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Hanoi Train Street is a unique attraction in Hanoi that wasn’t built for tourists at all.
Please note – as of 2022, most parts of Train Street Hanoi and many cafes have closed. I will be updating this post accordingly but for now, please check local sources.
The Hanoi railway snakes through the city. When I say the city I really mean it – open front doors are at risk of coming off the hinges! People live and work on the tracks, simply removing their goods (and pets and children!) when a train thunders past.
What was once an underrated attraction, known by locals only, has now become popular with tourists. It’s not surprising – how often can you say you’ve ducked in a doorway to avoid certain death by speeding train? It’s an experience for your Southeast Asia bucket list, that’s for sure.
Where is Train Street Hanoi?
There are two sections of Hanoi Train Street where you can watch the train pass. You’ll get the same experience in both but one has more cafes to enjoy it from.
- Lê Duẩn – this section is further out of town with just one cafe to view the passing train from. It’s between Lê Duẩn and Khâm Thin street. Put Ngo 224 Le Duan into Google Maps.
- The Old Quarter section – this has cafes, homestay and shops along the tracks. Enter Hanoi Street Train into Google Maps and you’ll find two sections to explore either side of Tran Phu main road.
You’d expect the second location to be busier with tourists but actually, they’re pretty similar. There’s lots of posing going on before train times – I don’t think you’ll ever get it to yourself to be honest!
Related reads: How to spend 3 days in Hanoi and your ultimate Vietnam itinerary
When to visit Train Street Hanoi
Thinking of visiting Train Street Hanoi? You might want to think about…
- Whether or not you want to see the train thundering down the street
- Whether you want to see the local life or join the tourists sightseeing.
Check the Train Street Hanoi train times to see the area in action (listed below). To beat the crowds and observe local life along the railway, visit any other time. The early morning is always a good time to see the locals going about their day!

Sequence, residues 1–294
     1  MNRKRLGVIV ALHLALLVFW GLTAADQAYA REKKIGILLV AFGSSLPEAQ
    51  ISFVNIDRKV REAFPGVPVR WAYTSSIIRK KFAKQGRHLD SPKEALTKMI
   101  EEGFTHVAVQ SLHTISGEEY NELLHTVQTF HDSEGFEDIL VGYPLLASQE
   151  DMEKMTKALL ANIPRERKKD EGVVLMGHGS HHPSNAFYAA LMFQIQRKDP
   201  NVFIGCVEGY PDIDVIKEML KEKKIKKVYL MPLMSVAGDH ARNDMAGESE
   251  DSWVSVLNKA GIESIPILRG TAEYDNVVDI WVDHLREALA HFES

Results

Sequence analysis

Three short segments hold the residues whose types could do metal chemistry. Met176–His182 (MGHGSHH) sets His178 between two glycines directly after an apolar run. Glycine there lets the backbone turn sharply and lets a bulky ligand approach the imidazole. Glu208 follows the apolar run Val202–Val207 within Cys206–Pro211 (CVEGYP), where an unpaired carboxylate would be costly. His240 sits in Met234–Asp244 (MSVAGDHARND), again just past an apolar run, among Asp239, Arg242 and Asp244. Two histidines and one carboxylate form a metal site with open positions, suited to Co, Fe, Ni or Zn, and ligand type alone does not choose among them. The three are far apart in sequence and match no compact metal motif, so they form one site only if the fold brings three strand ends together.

Train Street Hanoi train times
Through the Lê Duẩn section:
It will be dark during the second passing so try for 3.30pm.
Through the Old Quarter section:
- Weekdays: 7pm, 7.45pm, 8.30pm, 10pm
- Weekends: 9.15am, 11.20am, 3.20pm, 5.30pm, 6pm, 7pm, 7.45pm, 8.30pm, 9pm, 11pm
I notice the sign says be there 30 minutes before the train time – I’m not sure this is necessary! The road closes about two minutes before the train comes so you can arrive up to five minutes before.
Cafes to visit along Train Street Hanoi
Watching the world go by is always better with coffee, right? There are so many cafes and shops for those visiting Train Street Hanoi. These are the best:
Along the Ngõ 224 Lê Duẩn section, there’s just one rest stop, Train Track Cafe (an adventurous name, right?) at 224 Lê Duẩn. They sell basic hot and cold drinks including smoothies and beers.
The Old Quarter section cafes
As mentioned above, there’s a bit more going on in this section. Check out:
Ca Dong Duong (Indochina Station Cafe)
Just across the tracks from this yellow mural lies this very cool cafe. The interior is the real reason to visit: the chairs are old train seats and there’s even a train door attached to the wall (I’m not sure if it leads anywhere – you’ll have to find out for yourself).
Currently, all the coffees are 20K VND (80p) but this may be for an opening promotion. Either way, I don’t think they’ll be much more expensive in the future. There’s also a resident fluffy white cat called popcorn or ice cream (I remember it being something ridiculous!).